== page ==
Author Topic: Our PM's dinner  (Read 6879 times)

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Surianne

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Re: Our PM's dinner
« Reply #15 on: February 21, 2012, 08:14:11 PM »
Isometric, I think the issue with the link is the word "g-a-y" gets some code inserted by the filter.  Try this:
http://tinyurl.com/6hovhm9

Your understanding is the same as mine, though, based on the article, and I agree.  The auction aspect makes it a political dinner rather than a social one (or really, a combination of the two).

SamiHami

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Re: Our PM's dinner
« Reply #16 on: February 21, 2012, 08:41:48 PM »
I think any politician worth his/her salt would be able to handle an enthusiastic constituent that wants to discuss the issues. In fact, it might be welcome. I'm sure once you get to an office at that high a level that you don't get many chances to talk to members of the general public for any meaningful length of time. The PM may actually enjoy hearing from this person, even if they disagree on some issues.

I think that as long as the guest is polite, there's nothing incorrect about bringing up controversial issues to a politician if given the opportunity.

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Isometric

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Re: Our PM's dinner
« Reply #17 on: February 21, 2012, 08:58:54 PM »
Isometric, I think the issue with the link is the word "g-a-y" gets some code inserted by the filter.  Try this:
http://tinyurl.com/6hovhm9


Thanks Surianne!

Twik

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Re: Our PM's dinner
« Reply #18 on: February 22, 2012, 01:23:37 PM »

On the topic of security - Australian politicians are waaaaaaaaaaaaaaaaaaaaayyyyyy more relaxed about security than their US counterparts. In fact DB and I once stood within 10-15 metres of the then PM, idly (not seriously!) discussing running up and poking the PM in the eye because of some stupid (in our opinion) policy or another Then we realised that there was a senior police officer right near us clearly listening and tryng very hard not to chuckle when we noticed him and stopped with "Oh Carp" expressions on our faces.

Just a side comment - you may *think* that they are not there. But I recall once waiting in line at a book signing for a prominent politician (who wasn't even in power at the time). I would have sworn there was no security in the room. Then a baby popped a balloon with a loud report. Suddenly, there they were. "Innocent bystanders" transformed before our eyes into security agents. Very alert security agents, until they realized there were no weapons anywhere, and then they faded into the background again like chameleons.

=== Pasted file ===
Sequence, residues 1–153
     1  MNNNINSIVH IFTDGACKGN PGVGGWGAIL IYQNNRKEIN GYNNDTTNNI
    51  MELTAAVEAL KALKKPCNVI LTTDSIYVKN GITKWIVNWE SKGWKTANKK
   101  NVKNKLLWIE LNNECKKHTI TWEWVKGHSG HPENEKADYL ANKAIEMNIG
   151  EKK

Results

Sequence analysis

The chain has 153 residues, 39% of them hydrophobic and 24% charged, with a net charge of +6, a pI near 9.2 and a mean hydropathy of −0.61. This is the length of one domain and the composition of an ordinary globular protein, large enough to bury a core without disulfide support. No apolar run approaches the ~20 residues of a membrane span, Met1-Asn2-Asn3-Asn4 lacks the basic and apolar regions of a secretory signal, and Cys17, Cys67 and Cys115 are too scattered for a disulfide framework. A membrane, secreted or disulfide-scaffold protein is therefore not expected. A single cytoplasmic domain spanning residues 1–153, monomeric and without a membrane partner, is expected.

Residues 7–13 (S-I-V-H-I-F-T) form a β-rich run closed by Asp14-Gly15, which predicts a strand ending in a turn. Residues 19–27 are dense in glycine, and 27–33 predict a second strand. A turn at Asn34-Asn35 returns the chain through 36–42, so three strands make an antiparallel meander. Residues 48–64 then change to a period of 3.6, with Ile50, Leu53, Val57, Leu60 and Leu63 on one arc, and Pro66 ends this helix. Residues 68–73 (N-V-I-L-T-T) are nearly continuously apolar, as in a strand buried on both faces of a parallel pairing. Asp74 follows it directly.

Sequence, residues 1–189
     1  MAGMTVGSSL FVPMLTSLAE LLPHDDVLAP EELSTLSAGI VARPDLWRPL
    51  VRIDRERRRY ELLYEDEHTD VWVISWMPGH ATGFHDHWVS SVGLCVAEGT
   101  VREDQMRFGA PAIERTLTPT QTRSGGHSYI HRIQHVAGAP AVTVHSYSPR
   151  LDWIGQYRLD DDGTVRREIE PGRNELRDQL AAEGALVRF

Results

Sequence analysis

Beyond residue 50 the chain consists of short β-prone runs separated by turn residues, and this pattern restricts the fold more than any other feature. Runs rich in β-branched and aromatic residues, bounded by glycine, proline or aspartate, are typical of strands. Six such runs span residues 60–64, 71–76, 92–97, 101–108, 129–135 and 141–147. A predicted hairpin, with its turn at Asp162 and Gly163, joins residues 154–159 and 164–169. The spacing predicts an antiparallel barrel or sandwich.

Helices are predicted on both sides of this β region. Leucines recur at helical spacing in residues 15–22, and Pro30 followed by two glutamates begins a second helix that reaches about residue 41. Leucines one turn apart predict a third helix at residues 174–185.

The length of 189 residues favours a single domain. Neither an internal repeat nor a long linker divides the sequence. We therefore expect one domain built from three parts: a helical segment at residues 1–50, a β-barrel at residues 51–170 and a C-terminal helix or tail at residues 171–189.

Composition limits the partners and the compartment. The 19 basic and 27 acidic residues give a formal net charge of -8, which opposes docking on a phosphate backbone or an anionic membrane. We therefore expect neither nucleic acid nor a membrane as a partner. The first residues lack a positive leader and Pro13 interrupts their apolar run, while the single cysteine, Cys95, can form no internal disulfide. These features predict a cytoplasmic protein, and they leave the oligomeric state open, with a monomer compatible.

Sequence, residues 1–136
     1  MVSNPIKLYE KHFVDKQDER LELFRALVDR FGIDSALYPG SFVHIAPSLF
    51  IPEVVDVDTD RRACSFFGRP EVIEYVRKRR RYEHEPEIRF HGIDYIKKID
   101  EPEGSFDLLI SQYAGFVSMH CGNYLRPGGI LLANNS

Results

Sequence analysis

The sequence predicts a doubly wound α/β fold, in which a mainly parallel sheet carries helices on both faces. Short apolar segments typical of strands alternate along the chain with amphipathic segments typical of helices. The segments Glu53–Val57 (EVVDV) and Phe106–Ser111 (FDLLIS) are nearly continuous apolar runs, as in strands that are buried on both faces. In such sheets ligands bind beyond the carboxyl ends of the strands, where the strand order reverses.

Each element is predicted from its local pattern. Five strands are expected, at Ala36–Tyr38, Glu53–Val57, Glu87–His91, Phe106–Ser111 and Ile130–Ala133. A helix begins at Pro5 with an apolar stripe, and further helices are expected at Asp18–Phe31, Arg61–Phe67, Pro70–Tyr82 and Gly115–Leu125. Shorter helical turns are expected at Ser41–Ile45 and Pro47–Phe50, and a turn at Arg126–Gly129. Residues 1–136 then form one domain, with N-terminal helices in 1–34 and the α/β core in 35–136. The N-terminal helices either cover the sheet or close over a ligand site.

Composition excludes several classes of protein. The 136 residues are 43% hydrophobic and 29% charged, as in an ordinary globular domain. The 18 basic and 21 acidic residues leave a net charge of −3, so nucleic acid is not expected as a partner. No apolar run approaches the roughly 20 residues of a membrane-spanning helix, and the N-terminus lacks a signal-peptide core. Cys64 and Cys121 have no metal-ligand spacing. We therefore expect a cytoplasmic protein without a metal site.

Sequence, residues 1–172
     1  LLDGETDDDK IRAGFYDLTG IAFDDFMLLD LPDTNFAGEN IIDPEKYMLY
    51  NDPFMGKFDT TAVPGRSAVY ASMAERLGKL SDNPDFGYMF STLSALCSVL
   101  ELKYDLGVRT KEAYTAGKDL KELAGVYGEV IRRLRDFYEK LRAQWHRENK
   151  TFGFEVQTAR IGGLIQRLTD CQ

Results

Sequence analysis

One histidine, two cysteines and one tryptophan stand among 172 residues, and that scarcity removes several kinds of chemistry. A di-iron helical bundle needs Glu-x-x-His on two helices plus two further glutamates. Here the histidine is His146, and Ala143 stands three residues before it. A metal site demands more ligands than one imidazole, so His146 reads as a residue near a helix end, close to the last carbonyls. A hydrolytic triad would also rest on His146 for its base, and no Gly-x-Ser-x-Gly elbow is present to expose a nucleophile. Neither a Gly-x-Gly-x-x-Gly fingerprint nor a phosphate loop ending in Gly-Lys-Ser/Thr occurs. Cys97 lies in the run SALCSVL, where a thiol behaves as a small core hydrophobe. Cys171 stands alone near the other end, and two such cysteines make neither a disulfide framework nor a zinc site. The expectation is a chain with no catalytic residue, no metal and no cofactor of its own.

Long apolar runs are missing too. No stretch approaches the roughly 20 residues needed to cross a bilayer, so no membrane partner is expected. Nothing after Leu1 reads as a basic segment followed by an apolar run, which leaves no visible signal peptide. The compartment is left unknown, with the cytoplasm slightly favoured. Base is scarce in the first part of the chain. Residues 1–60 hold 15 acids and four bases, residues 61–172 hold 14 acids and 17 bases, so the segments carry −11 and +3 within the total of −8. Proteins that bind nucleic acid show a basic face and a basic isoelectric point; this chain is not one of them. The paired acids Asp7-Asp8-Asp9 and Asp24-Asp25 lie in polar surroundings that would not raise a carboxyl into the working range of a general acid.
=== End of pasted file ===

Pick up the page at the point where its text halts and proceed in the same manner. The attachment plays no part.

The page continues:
I would always assume that there are always security around politicians of national stature. For most of them, their job involves you not really noticing them.
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Iris

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Re: Our PM's dinner
« Reply #19 on: February 22, 2012, 03:34:34 PM »
^Oh, I didn't mean they're not there, I just meant they are a bit more relaxed about potential threats. One of our former PMs was approached and hugged by a constituent one day...fine, right. Except the guy was holding, IIRC, a foot-long screwdriver. Quite openly. The federal police surrounding the PM either didn't notice or decided the person wasn't a threat. Caused a bit of a stir at the time  :)

We don't have a history of political assassinations, so I think we just don't worry too much about it...
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Twik

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Re: Our PM's dinner
« Reply #20 on: February 22, 2012, 10:34:26 PM »
Neither did Sweden, at one time....
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Surianne

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Re: Our PM's dinner
« Reply #21 on: February 23, 2012, 09:59:47 PM »
Well, I thought your story was amusing, Iris, and took it in the jokey spirit intended.  I'm in Canada and a bunch of our politicians (including the PM at the time!) have been pied in the face.  Not tremendously mature but it always cracks me up.  So the idea of eye-poking definitely tickles my funny bone.  :D  ;D

cass2591

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Re: Our PM's dinner
« Reply #22 on: February 24, 2012, 04:28:19 AM »
That's all folks.
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